Wednesday, 18 July 2012


There is a mixed open forest habitat we visit regularly for moth and orthopteroid photography. It is unfenced and on ground that would not seem to support anything else. it is sandy soil that is always wet. There is an abundance of grass cover, mixed wiry native grasses and a number of introduced ones. There is a pungent herb that grows to about 1.2 m and, of course, scattered Lantana.
Buck Richardson photo
The locality, north of Mareeba. Dominant trees are Callitris, Melaleuca with a few scattered Eucalyptus.
You can imagine our surprise and dismay to find virtually every tree "ring-barked". This is a technique used in the Australian bush to kill trees cheaply and thoroughly. One can understand the importance of clearing the bush but it is sad when one sees it as graphically as it is here. If you look to the bottom of this photo, you will see a female cricket laying its eggs in the loose bark. More on this in a later blog.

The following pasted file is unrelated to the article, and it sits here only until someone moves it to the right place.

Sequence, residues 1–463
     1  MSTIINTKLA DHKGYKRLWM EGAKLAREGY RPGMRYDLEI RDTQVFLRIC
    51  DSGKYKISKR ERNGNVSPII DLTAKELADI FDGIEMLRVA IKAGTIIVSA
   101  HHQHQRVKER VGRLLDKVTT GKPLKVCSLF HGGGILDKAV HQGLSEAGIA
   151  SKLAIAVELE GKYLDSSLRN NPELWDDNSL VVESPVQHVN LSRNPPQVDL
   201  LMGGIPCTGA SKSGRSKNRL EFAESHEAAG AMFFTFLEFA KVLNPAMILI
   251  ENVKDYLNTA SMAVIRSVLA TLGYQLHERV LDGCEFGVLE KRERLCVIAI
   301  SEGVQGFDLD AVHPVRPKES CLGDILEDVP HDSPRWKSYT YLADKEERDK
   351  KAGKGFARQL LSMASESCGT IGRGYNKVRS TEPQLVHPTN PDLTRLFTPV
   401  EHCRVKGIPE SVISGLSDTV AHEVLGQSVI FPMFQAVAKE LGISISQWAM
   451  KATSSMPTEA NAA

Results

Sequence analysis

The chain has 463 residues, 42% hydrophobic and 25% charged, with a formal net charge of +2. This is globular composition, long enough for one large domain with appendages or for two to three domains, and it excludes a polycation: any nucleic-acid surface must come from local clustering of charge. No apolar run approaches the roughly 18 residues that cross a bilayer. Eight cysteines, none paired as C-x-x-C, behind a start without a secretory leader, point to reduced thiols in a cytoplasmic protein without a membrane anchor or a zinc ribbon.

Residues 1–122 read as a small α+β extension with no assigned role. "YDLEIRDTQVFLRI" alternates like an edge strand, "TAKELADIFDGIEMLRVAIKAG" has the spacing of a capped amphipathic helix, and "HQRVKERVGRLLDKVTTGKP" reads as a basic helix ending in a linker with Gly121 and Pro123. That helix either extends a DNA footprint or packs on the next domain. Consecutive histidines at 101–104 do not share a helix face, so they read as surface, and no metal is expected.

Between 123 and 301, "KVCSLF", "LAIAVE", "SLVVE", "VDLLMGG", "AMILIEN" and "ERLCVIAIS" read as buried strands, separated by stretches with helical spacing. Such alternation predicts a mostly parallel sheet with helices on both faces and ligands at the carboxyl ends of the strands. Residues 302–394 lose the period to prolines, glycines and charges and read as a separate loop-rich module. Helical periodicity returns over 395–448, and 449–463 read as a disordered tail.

A single cut is all that is needed in smaller trees to disable and eventually kill them.
 Two cuts assure eventual death.
 We noted that larger trees were cut and given a dose of a poison of some sort.
All of the Paperbarks are festooned with little orchids, Dendrobium canaliculatum. These plants will flower in the next several months for the last time. Once their host tree dies, they are doomed as it will topple over ending the life of the orchid. In this small patch there are hundreds and hundreds of these plants, some growing on their hosts within a few centimetres of the ground. A very disappointing development.

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